My last session seemed to center around a memory of my birth! I have no idea if it was metaphorical or literal, but it felt intensely real. At a certain point into the session (my hands cramping up, my brain chattering), I got a picture of a pregnant woman. That picture filled me with intense feeling (or perhaps I got the picture to make sense of the feeling?) and I started to yell! Each breath was a yell. I had my sitter give me leverage (my brain still able to make plans and set things up and communicate -- it's handy for that kind of stuff sometimes. I guess I'll keep it.) and I pushed against his hands above my head, yelling with every cell in my body with each push. This was not artificial in any way. There was never a logical connection like "I have these feelings if I yell maybe I'll work them out." Rather, the pushing and the yelling and the feeling and the images were all the same thing and expressed with a sensation closer to desperation than intention. I was both a baby pushing to get out and the mother pushing to give birth. I'll skip the details of the next part, except to say that I believe I experienced the intention I had as a spiritual being to choose and create my own birth. That intention was bigger than anything I have ever experienced or felt in my life.

While it's easier to describe images and pictures, some experiences in HBW seemed unconnected to thought. There would be moments where I had gone ... someplace, to a place where there were no words or pictures or thoughts and as a result the feeling was that there was no experience at all. I know that I wasn't asleep yet I would 'wake up' from that place with a snap. Then there would be a huge rush of fear and then a wave of heat would rise through my body. Other people have described similar 'lapses', but with different responses to them.

My Three Sessions, summarized

My first session was quite profound. All I can say is that I simply "experienced God," and also got the insight that it doesn't really matter if I experience God or not! ("God" is sort of like breathing: You're going to breathe whether or not you know what air is. When something is that ubiquitous you don't need to look for it!) I was also deeply exhausted from that session. Included in that exhaustion was the feeling that I wanted to avoid attempting out-of-body experiences (I had been trying unsuccessfully for months). I have since regained some interest (several months later) but not to the extent I had before.

My second session was odd. On one hand it seemed like "nothing happened." On the other hand I remember that I was laying there yelling and throwing my hands in the air -- so something must have happened! I guess if the brain doesn't get words or pictures then it thinks 'nothing' is happening. I did experience the tetany dissolving, which was very interesting.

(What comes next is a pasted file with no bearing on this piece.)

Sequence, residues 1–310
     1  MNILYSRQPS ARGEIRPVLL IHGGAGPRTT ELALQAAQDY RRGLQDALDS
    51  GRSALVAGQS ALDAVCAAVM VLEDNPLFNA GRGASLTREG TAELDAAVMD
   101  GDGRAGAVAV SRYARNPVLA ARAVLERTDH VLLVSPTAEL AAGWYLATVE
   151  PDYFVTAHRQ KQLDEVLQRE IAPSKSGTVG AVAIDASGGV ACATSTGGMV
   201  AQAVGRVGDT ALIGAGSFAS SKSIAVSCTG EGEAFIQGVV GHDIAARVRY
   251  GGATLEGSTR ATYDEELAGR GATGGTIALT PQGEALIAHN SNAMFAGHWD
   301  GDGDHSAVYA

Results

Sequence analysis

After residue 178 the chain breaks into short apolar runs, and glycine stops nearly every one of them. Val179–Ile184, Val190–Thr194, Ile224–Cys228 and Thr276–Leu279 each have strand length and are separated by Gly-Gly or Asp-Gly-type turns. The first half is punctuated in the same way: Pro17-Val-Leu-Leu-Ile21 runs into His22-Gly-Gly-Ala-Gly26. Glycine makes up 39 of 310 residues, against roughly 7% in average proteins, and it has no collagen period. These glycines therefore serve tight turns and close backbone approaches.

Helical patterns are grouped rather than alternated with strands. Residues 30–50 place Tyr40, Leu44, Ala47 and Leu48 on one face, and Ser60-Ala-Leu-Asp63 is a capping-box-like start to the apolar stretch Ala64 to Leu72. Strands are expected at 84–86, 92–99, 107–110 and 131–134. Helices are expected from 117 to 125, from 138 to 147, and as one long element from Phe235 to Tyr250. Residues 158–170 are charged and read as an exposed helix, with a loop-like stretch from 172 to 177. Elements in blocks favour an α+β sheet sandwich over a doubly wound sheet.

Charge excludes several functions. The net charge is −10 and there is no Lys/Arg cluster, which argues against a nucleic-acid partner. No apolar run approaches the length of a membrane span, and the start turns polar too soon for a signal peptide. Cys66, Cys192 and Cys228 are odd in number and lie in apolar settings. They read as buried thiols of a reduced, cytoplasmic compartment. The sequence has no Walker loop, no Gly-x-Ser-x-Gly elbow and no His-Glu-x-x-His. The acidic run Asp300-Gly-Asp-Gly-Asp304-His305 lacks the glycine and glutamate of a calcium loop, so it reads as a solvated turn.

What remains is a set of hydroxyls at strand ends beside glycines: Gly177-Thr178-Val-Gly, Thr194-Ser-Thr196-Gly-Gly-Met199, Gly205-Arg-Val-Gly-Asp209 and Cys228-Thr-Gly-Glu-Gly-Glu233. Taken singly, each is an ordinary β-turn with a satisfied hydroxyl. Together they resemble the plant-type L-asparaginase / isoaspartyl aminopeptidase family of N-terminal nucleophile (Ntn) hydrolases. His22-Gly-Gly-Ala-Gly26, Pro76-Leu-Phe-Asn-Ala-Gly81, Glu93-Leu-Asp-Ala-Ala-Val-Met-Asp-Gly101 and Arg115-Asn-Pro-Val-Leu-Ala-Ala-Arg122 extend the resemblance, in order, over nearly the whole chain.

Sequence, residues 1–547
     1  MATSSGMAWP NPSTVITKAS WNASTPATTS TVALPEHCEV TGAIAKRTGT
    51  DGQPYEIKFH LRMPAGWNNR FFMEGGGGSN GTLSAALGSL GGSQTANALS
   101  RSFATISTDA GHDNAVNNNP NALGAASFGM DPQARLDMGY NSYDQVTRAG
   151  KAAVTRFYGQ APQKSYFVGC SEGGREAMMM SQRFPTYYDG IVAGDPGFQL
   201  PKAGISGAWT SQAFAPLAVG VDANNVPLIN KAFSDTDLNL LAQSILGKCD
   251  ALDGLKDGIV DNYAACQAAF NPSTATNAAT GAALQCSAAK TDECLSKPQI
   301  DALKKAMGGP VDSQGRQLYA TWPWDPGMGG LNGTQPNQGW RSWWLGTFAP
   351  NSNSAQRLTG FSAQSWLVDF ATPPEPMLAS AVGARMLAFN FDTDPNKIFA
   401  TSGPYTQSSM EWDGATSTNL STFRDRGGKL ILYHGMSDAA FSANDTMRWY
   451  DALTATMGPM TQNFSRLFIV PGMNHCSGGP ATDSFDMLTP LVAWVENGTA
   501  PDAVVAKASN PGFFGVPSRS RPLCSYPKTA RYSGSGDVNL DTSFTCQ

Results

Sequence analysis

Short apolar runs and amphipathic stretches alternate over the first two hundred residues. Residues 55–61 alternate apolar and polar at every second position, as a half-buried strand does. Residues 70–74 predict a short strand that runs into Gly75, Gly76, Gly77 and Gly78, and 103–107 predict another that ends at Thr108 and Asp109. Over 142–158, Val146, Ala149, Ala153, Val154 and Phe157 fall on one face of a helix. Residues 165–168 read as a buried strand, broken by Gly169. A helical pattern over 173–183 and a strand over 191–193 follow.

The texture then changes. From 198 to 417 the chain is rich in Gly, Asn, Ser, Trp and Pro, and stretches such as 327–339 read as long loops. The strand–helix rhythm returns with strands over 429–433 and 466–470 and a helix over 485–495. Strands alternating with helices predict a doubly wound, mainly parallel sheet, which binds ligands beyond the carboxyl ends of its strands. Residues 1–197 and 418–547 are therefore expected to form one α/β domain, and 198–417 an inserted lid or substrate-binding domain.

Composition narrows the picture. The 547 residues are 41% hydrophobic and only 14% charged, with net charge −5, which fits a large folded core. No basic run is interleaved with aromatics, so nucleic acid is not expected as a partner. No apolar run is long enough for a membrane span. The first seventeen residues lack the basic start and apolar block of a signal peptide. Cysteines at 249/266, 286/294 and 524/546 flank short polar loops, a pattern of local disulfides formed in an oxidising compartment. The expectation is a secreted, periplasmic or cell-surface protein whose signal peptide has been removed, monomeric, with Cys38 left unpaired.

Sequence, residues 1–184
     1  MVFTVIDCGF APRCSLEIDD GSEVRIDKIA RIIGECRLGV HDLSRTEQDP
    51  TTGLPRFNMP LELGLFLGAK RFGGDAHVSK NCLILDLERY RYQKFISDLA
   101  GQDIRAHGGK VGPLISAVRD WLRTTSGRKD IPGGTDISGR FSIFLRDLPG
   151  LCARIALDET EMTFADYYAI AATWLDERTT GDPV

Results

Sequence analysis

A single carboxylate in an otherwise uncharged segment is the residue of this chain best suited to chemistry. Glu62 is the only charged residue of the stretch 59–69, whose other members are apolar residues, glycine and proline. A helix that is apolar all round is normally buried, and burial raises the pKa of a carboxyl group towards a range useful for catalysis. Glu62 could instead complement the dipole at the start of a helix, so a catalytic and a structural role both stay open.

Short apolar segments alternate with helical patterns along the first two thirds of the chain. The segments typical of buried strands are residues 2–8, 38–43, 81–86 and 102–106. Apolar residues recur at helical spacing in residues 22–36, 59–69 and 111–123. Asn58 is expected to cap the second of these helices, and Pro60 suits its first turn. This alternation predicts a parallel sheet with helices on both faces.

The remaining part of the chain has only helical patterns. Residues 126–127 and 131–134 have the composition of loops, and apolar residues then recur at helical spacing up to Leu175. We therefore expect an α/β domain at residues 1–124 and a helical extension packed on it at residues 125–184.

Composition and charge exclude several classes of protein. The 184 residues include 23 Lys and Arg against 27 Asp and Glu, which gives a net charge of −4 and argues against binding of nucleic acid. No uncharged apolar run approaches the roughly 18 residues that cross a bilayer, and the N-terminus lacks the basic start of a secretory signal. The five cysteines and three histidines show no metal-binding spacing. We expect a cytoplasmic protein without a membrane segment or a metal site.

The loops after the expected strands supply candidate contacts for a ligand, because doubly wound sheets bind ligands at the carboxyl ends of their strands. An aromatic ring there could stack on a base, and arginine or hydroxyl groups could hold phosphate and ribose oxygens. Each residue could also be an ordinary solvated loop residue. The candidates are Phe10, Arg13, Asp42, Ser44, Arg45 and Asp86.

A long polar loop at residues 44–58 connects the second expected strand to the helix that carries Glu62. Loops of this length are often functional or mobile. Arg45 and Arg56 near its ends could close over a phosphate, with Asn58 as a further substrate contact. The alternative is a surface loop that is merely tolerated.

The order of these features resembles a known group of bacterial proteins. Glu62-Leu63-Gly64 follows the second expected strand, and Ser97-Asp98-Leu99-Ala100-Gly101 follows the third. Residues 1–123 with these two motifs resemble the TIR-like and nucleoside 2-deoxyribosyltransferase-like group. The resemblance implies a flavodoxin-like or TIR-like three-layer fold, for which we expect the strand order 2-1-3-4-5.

My third session was a couple weeks ago. In that session I experienced an aspect of my own birth! It also subsequenty helped trigger an out-of-body experience a few days later (see below). That HBW day was the first of six monthly sessions I will do with the same group of people. I think having a consistent group will really help the momentum build. Knowing that they will be back next time makes the experience more real, somehow.

Summary

Personally, I tend to have a frustrating combination of interest in healing/metaphysics, etc and a severe case of skepticism. I've tried lots of different kinds of healing, meditation and stuff like that, and usually do not have the trancendental experiences claimed by the adherents to whatever system I look into. So when I say that HBW is intense, I really mean it!

HBW is a very powerful tool for getting directly to parts of our inner nature and concsiousness and letting those parts work themselves out in profound ways! That inner nature is beyond words and description -- it may even be beyond reality as we perceive it -- and is thus able to break through barriers imposed by our thinking and the normal status quo of our conciousness.

I don't think HBW is for everyone. For instance I would only recommend it to those who are already involved in some kind of healing process such as therapy or meditation or art or even systematic introspection. Not having a way to deal with the "material" (charged memories or feelings) afterward might result in a sense of being tossed off a cliff holding a bag of intense stuff. Also, I suspect a lot of unconcious energies are released in the process and continue to evolve afterwards. Having a way to channel those energies would be very important.

While it's impossible not to have expectations, going into HBW with a specific agenda is a waste of time. Every session is different -- and a surprise. So far, it's the biggest adventure I've ever been on!

Out of Body Experiences

Since this will be posted to that group, I want to touch on the relevance of HBW to OBE's. In spite of what I wrote regarding my first session, I would say that it might help to a small degree. Over the past week I have had one OBE and several body energy shifts that indicate an OBE is about to start. (I don't go OB easily). I now know what the body energy feeling is like and I'm less afraid of it. I believe this is a direct result of my last HBW session.which partly consisted of the recall an astral memory. However: I can guarantee that HBW is not a "ticket" to having successfull OBE's!, My last experience put me closer to "remembering" what it's like to have an astral body, but there is no way to predict that I will have a comparable HBW session in the future or, if I did, it would help me achieve an OBE again.

However, even if HBW was of no help to acheiving OBE's, it does help me get closer to my spirit, which is the real goal of an OBE anyway.